A few weeks back, liberals across the country were enraged by an Alabama high school government class’ reading list that included mostly conservative books. Parents and activists argued that the list was too one-sided, and children should have some form of choice and balance in their education. Fair enough.
However, when it comes to National Public Radio’s latest summer reading list, those on the left appear to be oddly silent.
Last Thursday, NPR released its so-called “Summer Reading For Your Woke Kid” list that includes titles aimed at promoting left-wing causes. “Give kids credit,” Stan Yogi, one of the authors on our list, said. “They have an innate sense of what’s right and what’s wrong. Being able to draw on that innate sense of justice through relatable stories is so important.”
Yogi is not referring to justice in the traditional sense, but rather the left’s new form of “social justice.” Books on this list tackle the topics of transgenderism, feminism, and the refugee crisis. Deborah Menkart, Executive Director for Teaching for Change, told NPR it is important to expose children to these ideas early so they can hold a specific perspective. “Parents and teachers are realizing that what students read and learn affects how they see the world,” she said.
Here are some of the promoted SJW books along with NPR’s descriptions:
“Every letter is the definition of a different social movement. For F — kids learn about Feminism, when we get to G -kids learn about the meaning of grassroots organizing and why it’s important.”
“A heartwarming story of a young boy, Danny, who fights gender stereotypes by dressing up as a princess for the school parade.”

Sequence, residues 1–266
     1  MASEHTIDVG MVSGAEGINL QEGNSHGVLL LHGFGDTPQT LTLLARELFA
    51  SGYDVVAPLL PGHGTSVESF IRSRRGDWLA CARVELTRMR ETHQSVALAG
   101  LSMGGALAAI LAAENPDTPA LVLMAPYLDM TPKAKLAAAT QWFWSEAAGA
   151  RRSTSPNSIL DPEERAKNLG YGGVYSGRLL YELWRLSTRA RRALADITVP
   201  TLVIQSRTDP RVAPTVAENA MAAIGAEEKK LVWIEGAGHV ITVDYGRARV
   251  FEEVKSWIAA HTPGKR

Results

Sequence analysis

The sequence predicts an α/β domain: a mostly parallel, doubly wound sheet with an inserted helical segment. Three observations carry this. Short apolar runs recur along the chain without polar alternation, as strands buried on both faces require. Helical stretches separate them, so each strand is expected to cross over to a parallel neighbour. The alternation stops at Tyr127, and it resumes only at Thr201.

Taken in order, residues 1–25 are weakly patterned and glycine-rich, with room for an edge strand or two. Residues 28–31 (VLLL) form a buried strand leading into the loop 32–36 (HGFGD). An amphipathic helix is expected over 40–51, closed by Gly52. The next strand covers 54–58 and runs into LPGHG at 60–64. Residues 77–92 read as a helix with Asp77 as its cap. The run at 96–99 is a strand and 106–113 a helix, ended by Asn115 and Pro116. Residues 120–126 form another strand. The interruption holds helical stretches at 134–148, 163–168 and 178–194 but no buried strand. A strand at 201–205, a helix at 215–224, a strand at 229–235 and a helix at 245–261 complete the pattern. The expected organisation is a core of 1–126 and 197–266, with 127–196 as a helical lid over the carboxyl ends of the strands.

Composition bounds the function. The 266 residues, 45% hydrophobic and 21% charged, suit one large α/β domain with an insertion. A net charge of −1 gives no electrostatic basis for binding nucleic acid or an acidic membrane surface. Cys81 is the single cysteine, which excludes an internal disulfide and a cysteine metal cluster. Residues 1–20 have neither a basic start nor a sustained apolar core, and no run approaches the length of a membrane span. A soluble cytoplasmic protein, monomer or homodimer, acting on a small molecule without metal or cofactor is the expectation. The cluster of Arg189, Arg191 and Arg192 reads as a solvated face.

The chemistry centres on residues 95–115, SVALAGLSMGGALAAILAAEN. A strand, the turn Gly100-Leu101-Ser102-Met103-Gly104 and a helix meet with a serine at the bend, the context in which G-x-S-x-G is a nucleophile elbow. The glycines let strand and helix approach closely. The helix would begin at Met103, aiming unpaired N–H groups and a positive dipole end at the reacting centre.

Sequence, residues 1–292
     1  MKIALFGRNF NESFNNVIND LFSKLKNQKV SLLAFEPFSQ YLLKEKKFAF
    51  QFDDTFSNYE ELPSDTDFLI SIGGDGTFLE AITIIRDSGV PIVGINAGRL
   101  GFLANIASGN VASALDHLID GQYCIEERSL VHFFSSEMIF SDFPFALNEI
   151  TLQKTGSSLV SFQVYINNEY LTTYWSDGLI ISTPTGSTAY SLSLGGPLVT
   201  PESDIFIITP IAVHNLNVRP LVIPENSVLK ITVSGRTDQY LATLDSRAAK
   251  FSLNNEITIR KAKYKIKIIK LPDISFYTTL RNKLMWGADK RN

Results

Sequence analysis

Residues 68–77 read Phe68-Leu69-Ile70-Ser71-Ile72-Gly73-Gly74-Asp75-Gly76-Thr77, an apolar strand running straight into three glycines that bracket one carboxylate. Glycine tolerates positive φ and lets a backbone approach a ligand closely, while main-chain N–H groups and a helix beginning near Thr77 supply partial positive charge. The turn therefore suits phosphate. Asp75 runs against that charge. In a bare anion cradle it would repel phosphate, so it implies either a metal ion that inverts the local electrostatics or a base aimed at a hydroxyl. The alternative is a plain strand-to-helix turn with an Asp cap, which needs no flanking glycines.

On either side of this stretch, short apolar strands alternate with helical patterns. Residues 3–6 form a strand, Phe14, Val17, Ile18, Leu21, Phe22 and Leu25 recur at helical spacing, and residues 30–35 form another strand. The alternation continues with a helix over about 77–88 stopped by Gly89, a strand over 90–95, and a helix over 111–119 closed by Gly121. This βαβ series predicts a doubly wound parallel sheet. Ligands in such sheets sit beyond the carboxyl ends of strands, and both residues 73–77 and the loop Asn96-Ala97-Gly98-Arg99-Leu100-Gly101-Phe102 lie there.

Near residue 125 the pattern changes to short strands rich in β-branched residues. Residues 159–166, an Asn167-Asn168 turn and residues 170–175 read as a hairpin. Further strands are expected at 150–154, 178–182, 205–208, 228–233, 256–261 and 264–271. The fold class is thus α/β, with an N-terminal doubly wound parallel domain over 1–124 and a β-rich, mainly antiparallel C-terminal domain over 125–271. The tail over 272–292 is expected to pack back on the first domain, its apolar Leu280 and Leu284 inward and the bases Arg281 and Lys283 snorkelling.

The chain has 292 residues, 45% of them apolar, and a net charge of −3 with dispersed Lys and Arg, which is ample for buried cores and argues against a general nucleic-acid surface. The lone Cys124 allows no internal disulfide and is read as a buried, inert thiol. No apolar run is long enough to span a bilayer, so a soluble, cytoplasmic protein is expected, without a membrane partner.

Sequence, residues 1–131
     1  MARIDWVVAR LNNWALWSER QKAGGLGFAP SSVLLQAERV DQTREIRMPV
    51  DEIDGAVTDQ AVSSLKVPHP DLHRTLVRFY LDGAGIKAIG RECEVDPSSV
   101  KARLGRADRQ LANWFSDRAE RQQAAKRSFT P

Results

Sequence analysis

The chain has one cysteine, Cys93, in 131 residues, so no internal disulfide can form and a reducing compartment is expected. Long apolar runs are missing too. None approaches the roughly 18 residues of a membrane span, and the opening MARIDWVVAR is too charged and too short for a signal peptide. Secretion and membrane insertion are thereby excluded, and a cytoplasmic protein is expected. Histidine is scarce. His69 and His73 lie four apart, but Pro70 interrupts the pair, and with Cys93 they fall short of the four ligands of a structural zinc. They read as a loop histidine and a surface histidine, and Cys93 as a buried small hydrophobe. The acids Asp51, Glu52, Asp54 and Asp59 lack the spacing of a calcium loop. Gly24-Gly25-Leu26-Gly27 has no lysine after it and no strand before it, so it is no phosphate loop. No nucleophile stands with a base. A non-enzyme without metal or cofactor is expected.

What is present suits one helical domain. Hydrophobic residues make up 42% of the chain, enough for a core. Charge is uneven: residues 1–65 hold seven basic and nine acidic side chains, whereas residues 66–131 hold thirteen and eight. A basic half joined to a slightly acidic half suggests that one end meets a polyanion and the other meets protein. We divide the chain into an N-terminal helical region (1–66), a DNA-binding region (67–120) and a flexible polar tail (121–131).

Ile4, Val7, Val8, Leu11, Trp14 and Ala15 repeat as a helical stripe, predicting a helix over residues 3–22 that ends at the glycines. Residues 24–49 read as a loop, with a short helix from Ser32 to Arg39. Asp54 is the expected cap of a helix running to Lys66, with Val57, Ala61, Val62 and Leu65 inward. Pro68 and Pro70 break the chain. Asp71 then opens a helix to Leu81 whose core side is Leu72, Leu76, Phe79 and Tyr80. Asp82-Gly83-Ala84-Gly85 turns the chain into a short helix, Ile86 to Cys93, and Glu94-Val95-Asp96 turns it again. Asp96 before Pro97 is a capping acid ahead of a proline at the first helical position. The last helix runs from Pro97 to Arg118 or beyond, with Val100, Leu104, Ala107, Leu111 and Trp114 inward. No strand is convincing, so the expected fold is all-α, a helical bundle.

Stepping Stones: A Refugee Family’s Journey by Margriet Ruurs and Nizar Ali Badr
“A bilingual tale, in Arabic and English, about a Syrian family’s flee from home. The book explains the refugee experience through beautiful illustrations.”
Amina’s Voice by Hena Khan
“This coming of age story follows a young Muslim girl named Amina as she deals with the ups and downs of growing up, friends moving away, and preparing to read from the Quran in public for the first time.”
While not as reliant upon taxpayer dollars as it used to be, NPR receives a significant portion of its revenue from various government bodies. According to its own 2015 Fiscal Year data, 5 percent of NPR’s revenue comes directly from federal, state, and local governments, but that number fails to tell the whole public financing story. The statistics also show that 12 percent of funding comes from colleges of universities — many of which are public — and another 9 percent comes from the federally funded Corporation for Public Broadcasting.
So just remember, Alabama, that taxpayer-supported organizations can apparently promote political agendas, as long as they line up with the left’s “uniform code of social justice”.